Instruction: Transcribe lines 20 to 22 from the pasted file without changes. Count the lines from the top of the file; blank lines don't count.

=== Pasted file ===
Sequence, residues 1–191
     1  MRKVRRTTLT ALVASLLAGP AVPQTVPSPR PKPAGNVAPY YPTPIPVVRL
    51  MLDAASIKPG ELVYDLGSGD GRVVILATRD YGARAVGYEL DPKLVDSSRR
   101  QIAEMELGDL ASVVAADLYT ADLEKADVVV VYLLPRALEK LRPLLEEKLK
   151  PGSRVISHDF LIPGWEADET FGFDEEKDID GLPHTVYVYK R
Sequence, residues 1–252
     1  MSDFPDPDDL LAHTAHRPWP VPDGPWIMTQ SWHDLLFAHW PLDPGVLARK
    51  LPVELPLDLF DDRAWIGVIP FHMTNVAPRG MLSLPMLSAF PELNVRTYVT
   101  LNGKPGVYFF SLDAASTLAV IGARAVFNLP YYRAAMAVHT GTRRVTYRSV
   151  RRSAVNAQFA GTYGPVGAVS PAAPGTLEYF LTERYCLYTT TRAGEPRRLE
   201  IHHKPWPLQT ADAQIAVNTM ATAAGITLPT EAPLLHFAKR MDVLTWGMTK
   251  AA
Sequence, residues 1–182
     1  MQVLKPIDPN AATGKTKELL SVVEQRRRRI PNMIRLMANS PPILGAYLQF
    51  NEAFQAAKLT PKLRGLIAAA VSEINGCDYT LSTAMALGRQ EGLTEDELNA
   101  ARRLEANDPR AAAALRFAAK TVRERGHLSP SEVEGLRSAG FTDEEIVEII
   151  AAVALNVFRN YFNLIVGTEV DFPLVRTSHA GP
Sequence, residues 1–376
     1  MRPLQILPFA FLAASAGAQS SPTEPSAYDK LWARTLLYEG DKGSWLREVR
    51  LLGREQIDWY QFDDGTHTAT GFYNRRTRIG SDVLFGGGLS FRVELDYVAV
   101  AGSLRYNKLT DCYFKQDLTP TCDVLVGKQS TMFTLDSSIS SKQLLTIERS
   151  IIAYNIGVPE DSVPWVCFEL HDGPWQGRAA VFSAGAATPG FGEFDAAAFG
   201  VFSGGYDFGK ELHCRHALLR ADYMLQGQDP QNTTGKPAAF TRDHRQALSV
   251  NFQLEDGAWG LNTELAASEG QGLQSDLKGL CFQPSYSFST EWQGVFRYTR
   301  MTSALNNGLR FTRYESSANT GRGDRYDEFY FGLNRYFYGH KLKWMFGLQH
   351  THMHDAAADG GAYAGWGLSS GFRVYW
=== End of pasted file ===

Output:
    51  LLGREQIDWY QFDDGTHTAT GFYNRRTRIG SDVLFGGGLS FRVELDYVAV
   101  AGSLRYNKLT DCYFKQDLTP TCDVLVGKQS TMFTLDSSIS SKQLLTIERS
   151  IIAYNIGVPE DSVPWVCFEL HDGPWQGRAA VFSAGAATPG FGEFDAAAFG